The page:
A soil with excellent structure will allow healthy root development, have good water infiltration, and support equipment; but compaction and tillage can destroy structure and create root-zone challenges.
Controlled traffic farming — where tire tracks of all implements are focused on the same route — is one way to decrease tillage and overall compaction. What does that look like in practice?
For this episode of The Agronomists, host Lyndsey Smith is joined by Warren Schneckenburger of Morrisburg, Ont., and Scott Keller of New Norway, Alta., to get the goods on CTF and compaction management.
This episode of the Agronomists is brought to you by ADAMA Canada, CanolaMaster, and The Sharp Edge!
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- Let’s start with the why — what is the crop mix and soil type of each farm?
- Why did controlled traffic farming appeal to you?
- What’s the very first step? Getting sprayer lines set up
- If you do nothing else, get the sprayer on the same track year over year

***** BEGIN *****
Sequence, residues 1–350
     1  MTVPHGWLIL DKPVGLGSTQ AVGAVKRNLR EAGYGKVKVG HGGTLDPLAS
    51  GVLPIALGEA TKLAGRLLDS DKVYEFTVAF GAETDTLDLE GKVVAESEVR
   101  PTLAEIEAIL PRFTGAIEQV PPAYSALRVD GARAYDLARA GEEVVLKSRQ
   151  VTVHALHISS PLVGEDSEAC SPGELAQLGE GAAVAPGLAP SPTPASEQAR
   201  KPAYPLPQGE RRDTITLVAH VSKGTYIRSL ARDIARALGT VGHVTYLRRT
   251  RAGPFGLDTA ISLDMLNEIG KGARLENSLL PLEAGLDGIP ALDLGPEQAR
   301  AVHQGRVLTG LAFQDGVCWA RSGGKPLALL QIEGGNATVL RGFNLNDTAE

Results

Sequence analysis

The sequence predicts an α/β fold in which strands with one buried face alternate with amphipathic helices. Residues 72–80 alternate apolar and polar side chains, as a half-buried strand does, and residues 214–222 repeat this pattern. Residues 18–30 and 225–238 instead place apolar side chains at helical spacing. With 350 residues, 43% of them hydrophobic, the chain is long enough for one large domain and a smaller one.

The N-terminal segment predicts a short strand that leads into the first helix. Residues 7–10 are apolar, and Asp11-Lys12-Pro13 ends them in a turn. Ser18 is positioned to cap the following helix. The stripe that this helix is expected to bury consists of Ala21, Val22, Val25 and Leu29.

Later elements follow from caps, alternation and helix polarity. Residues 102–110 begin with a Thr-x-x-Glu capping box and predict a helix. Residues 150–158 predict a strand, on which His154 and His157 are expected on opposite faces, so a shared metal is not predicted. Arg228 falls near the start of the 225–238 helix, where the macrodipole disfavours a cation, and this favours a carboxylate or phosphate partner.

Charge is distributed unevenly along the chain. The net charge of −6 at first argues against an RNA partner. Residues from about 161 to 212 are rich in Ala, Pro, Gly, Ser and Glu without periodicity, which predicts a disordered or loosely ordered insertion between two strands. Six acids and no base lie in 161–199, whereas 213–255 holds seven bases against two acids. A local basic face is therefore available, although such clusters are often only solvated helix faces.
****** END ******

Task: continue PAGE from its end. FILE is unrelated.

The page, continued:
- Narrow sprayer tires are a rut magnet
- You don’t need to go full controlled traffic to take better care of soil
- What’s the outcome? Scott shares a collage! In a wet year, trust the tracks — even when it’s wet
- The key is to focus all the compaction in one zone
- You can feel when the tractor and implement hit the track
- Is central tire inflation necessary? No, but it’s a game changer, says Warren
- The time it takes to change tire pressure between road and field, and vice versa, is time spent doing paperwork etc. It’s not wasted time
- CTF is a great fit for zero tillage, but fits in reduced tillage systems really well
- Strips can require some maintenance, either because or ruts (there is some waggle) or residue build up on either side
- What do you need? The RenovatorTM — you can buy tools or you can make them, says Scott
- You can drive 8 or so MPH and tidy up most of the farm in a day, vs. trying to work every acre just for a tiny area of ruts
- The grain cart (and manure tankers, and silage wagons…) are sneaky compaction culprits
- Stick to the same lines, but don’t worry about perfection — sometimes the grain cart is going to make a cut across while empty
- Invest in the fat tires, says Warren
- Measure the header — six to eight inches difference matters!
- What’s NOSE? North odd, South even
- The total cost of moving to CTF is incredibly manageable and doesn’t have to happen in one year
- The biggest investment is RTK/GPS set up, but that’s an investment farms make regardless of CTF
- Change the piece of equipment that doesn’t fit the tracks when it’s time to change it (often the seeder), no need to spend the money sooner, necessarily
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